Coach camped out here last night to see what time dew came in, says Richardson
Australian speedster Kane Richardson says coach Andrew McDonald 'camped out' at the Wankhede Stadium on Saturday night to check on dew as his players prepared to practice with wet balls.
"Andrew McDonald camped out here last night to try and see what time the dew came in. Who knows, everyone is guessing. I think everyone is prepared," Richardson said.
"We're going to train today with some wet balls so we can practice that. We'll just wait and see on game day. It's nothing new, we have dew back home as well."
He said the Virat Kohli-led Indians were the favourites at home, calling his team the underdogs for the three-match ODI series, beginning, in Mumbai, on Tuesday.
The second ODI will be played in Rajkot on January 17 and the third in Bengaluru on January 19.
"I think the home team is always favourite. I think on the back of last year, I think Finchy (Aaron Finch) has said no team has ever won here back to back. It's going to be so hard," Richardson said.
"India in India is always the biggest challenge and after what happened last year they will be ready for it. Confidence is up but the home team is always favourite. We are the underdogs," he said ahead of a practice session.
Last year, Australia had made a spectacular comeback to record a 3-2 win in the limited overs series in India.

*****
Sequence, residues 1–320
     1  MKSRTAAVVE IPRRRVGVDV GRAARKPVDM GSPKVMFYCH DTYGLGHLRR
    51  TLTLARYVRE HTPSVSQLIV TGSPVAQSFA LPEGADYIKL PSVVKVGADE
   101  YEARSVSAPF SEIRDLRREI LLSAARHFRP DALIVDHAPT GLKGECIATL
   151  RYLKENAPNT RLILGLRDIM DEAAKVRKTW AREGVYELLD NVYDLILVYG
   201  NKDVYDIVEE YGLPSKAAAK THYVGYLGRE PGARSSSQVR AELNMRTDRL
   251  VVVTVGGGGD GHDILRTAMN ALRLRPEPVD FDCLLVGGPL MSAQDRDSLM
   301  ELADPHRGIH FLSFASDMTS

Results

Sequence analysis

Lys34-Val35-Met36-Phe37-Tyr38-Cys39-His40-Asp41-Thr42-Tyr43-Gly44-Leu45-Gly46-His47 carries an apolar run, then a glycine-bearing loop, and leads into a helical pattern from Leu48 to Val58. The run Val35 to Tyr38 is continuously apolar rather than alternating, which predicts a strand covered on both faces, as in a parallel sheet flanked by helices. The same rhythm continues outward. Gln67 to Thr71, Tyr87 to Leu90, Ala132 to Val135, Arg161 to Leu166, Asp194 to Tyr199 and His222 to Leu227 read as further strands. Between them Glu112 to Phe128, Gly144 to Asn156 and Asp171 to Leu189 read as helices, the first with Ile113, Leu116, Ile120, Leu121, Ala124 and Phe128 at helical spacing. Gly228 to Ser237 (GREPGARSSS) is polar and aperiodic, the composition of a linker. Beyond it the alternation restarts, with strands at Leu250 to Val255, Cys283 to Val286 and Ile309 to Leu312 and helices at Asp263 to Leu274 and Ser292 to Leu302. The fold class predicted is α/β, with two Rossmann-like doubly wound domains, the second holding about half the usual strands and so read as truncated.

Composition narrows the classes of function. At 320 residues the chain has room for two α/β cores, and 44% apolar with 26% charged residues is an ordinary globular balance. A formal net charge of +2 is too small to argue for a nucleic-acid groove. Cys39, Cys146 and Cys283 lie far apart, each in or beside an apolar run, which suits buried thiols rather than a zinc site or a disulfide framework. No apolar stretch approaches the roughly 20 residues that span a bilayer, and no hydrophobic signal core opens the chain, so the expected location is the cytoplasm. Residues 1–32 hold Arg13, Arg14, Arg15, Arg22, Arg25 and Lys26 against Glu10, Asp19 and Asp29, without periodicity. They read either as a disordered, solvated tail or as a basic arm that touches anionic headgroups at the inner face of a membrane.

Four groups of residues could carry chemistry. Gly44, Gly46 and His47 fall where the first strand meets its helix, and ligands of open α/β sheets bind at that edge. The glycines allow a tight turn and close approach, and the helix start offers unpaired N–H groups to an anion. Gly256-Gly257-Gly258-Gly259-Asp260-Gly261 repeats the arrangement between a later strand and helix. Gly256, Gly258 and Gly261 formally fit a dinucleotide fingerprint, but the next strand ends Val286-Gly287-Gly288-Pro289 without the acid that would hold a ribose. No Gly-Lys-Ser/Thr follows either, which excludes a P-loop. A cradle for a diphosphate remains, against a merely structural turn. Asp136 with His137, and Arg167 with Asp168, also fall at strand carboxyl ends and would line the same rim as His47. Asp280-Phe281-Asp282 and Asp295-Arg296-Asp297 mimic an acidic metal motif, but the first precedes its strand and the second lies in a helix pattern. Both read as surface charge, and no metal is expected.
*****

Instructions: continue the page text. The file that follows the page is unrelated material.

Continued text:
The 28-year-old pacer, who has played 22 ODIs, also said playing in India, where the grounds are smaller, is the biggest challenge.
"It's the biggest challenge in white-ball cricket, coming over here and playing against India on the surfaces over here. It's a lot different than Australia. The ground sizes are a lot smaller than Australia, (and) mis-hits can often go for six."
"It's something we have spoken a lot about. I think everyone in the team has played here before, so it's nothing new. Starting today we will figure out a plan to stop some of those guys. It will be a high-scoring contest I'm sure," added the right-arm medium pacer.
Australia are touring India with a four-pronged pace attack comprising Josh Hazlewood, Pat Cummins and Mitchell Starc, apart from Richardson. And the fast-bowler says he is comfortable to be the 'next guy in'.
"It would be nice to take the field with all three of them or a couple of them. I don't know how it's going to pan out in terms of selection. I'm comfortable being that next guy in."
"I have always spoken about if injuries or form happen being the next guy in. So if I could take the field with those guys it gives you a lot of confidence that hopefully when I come onto bowl there are two or three down early," he added.
On a personal note, Richardson, who was in and out of the playing XI during the last World Cup, says that he made his way back into the team by performing well.
"I think it was just through performance on field. You can improve away from the game all you want but I think it was just about performing. The Big Bash last year after doing well got me back in the fold and then injuries happened."
"And then try and be the next guy in. Always try and stay on top of my game and improve but I'm back in this team because I performed at the level below," the pacer added.
Back home, the bushfires have caused havoc, and fully aware of the damage, Richardson said he would like to make a difference by playing a match.
"If there is a game, I know in Adelaide they are doing a game for Kangaroo Island too (for fundraising). That would be awesome, hopefully, we can all be a part of it and make a difference," he said.
Lastly, recalling the aftermath of the incident when all-rounder Marcus Stonis called him 'faggot' during a Big Bash League game, Richarsdon said, 'the learning has to be that it never happens again'.